News from around Ohio:
Pay floor: 57% of Ohio voters in 2006 approved changing Ohio’s constitution to increase the minimum wage with inflation. Next year, it will be $8.70 an hour, well above the federal rate of $7.25 that last changed in 2009 — a difference of $3,000 for a full-time worker over a year, cleveland.com’s Rich Exner reports.
Stock issue: The Ohio Supreme Court has agreed to hear an appeal over whether the gun-rights groups Buckeye Firearms and Ohioans for Concealed Carry have standing to challenge the city of Columbus’ ban on bump stocks. As cleveland.com’s Jeremy Pelzer writes, if the court sides against the city, it could open the door to other activist groups challenging local ordinances on a variety of topics.
Attempted hack: Hackers in Panama, associated with a Russian-owned company, tried to get into the Ohio Secretary of State’s website, as well as state internal systems, the Dispatch’s Rick Rouan reports. Secretary of State Frank LaRose called the attempt relatively unsophisticated, and that election machines and ballot counters are not connected to the internet.
Opening offices: Democratic presidential hopeful Elizabeth Warren, the only Dem with paid staff in Ohio, is opening offices in Cleveland on Tuesday on Columbus on Dec. 4 and Cincinnati on Dec. 5. She’s believed to be the only Democratic presidential candidate with offices in Ohio — a sign that she expects to win enough state primaries to continue on in the race through the Ohio’s March 17 primary.
Speaking circuit: The Dayton Daily News’ Laura Bischoff got a copy of the contract between Miami University and Greater Talent Network LLC, which represents John Kasich, for a speech he gave Nov. 13. He was paid $40,000, got an armed security guard, “cool” water throughout the talk and a five-star hotel room with a king bed. Kasich was criticized by a Miami professor for the lucrative gig, when as governor he called on colleges to cut costs and increase professor teaching load.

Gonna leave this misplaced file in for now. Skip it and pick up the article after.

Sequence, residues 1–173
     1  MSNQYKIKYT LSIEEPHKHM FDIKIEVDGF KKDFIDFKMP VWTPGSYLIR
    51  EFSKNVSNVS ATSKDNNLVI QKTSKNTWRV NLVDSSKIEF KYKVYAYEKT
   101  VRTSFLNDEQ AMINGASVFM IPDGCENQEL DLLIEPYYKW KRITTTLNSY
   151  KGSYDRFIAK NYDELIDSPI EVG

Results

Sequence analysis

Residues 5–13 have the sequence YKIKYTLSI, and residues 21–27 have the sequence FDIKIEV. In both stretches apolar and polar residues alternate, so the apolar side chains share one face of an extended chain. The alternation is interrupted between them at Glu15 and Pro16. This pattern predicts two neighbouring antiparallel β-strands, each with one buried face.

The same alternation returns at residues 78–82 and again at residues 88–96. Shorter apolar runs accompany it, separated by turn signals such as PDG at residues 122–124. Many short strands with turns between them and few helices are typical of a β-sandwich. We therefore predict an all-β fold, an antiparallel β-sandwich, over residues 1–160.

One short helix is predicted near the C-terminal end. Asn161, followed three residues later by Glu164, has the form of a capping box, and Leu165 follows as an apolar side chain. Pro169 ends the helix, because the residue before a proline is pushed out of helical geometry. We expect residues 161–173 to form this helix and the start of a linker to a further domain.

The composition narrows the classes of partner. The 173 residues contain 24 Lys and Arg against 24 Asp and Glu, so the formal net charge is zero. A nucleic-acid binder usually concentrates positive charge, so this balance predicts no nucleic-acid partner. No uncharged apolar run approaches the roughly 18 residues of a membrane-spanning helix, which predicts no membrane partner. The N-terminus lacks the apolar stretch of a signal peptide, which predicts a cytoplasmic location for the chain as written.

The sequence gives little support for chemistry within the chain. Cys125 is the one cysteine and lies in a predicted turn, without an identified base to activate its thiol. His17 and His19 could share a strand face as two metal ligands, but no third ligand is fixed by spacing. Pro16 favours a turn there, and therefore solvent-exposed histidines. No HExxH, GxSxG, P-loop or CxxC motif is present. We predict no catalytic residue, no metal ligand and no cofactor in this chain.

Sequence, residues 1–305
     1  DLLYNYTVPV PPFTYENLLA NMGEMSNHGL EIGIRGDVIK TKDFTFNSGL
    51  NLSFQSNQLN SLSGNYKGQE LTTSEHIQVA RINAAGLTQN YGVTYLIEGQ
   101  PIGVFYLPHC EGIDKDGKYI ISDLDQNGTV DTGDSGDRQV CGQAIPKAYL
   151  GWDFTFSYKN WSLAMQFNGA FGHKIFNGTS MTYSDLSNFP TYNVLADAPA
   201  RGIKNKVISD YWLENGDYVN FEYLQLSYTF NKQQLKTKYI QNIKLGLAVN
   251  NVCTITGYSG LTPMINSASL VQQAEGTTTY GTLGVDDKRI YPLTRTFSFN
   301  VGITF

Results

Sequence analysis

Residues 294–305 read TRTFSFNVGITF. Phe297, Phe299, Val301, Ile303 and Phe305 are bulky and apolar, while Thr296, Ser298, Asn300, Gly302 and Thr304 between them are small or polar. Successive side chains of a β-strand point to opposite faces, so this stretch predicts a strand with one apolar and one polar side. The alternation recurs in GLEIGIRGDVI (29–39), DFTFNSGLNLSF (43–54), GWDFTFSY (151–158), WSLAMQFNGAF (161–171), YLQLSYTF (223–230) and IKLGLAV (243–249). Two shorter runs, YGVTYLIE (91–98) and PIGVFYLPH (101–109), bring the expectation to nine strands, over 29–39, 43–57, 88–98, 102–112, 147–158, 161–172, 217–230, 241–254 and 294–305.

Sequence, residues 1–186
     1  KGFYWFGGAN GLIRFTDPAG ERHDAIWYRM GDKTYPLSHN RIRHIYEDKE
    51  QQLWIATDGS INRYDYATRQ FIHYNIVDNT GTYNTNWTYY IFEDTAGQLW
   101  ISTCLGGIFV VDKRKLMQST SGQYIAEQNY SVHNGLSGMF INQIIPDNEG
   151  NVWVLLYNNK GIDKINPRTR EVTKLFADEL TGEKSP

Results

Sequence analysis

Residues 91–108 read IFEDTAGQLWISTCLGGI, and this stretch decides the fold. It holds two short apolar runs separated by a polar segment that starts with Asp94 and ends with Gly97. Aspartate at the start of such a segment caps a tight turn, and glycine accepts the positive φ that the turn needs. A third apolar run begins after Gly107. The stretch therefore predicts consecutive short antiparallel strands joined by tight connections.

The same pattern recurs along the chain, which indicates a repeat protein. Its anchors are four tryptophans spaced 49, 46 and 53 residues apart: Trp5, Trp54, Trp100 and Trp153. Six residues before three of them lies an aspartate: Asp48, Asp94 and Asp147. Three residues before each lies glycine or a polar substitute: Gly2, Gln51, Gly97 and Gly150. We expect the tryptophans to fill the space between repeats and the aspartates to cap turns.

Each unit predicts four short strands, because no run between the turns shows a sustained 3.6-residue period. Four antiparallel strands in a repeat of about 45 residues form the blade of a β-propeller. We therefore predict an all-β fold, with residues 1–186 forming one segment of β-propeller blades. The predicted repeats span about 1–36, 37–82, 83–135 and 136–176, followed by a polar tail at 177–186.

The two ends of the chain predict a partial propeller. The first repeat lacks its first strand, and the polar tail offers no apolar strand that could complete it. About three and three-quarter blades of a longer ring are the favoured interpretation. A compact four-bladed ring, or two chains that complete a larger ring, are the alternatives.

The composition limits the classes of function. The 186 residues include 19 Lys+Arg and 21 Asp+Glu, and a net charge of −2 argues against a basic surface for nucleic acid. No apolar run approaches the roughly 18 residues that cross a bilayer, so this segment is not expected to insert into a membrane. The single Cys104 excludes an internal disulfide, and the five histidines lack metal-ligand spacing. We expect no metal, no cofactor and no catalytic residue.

So ordered: Franklin County Common Pleas Judge Kimberly Cocroft has granted a five-month extension in the state’s case against the former e-charter school known as the Electronic Classroom of Tomorrow, or ECOT. Ohio Attorney General David Yost, and defendants — including Bill Lager, his for-profit companies Altair Learning Management and IQ Innovations — jointly asked for more time, as first reported by Gongwer. The state is suing to recoup money from ECOT and Lager, saying they took state education money for students who merely logged in and didn’t complete tasks.
Fighting tax: Some residents in conservative Clermont County east of Cincinnati took matters into their own hands after Amelia imposed a 1% municipal income tax. They voted this month to dissolve the village. Now, the changes are starting to be seen, as the New York Times reported in a feature story. Amelia’s seven police officers lost their jobs. And residents of the former village will no longer be part of the same government; they will be in separate townships divided by Main Street.
Armor all: Since July 2018, the Ohio attorney general’s office has awarded a total of almost $4 million to 426 law-enforcement agencies around Ohio to purchase body-armor vests, according to a release from AG Dave Yost. That includes more than $345,000 in the last three months alone. The money for the program comes from the Ohio Bureau of Workers’ Compensation as part of its Safety Intervention Grant Program.
Medicare for all: 71% of Ohioans favor giving some people under the age of 65 the option to buy insurance from Medicare, according to Interact for Health’s Ohio Health Issues Poll, which asked a similar question that the Kaiser Family Foundation has asked nationwide. The Ohio poll didn’t ask people other questions in the Medicare-for-all discussion, such as whether they would support nixing private health insurance for Medicare.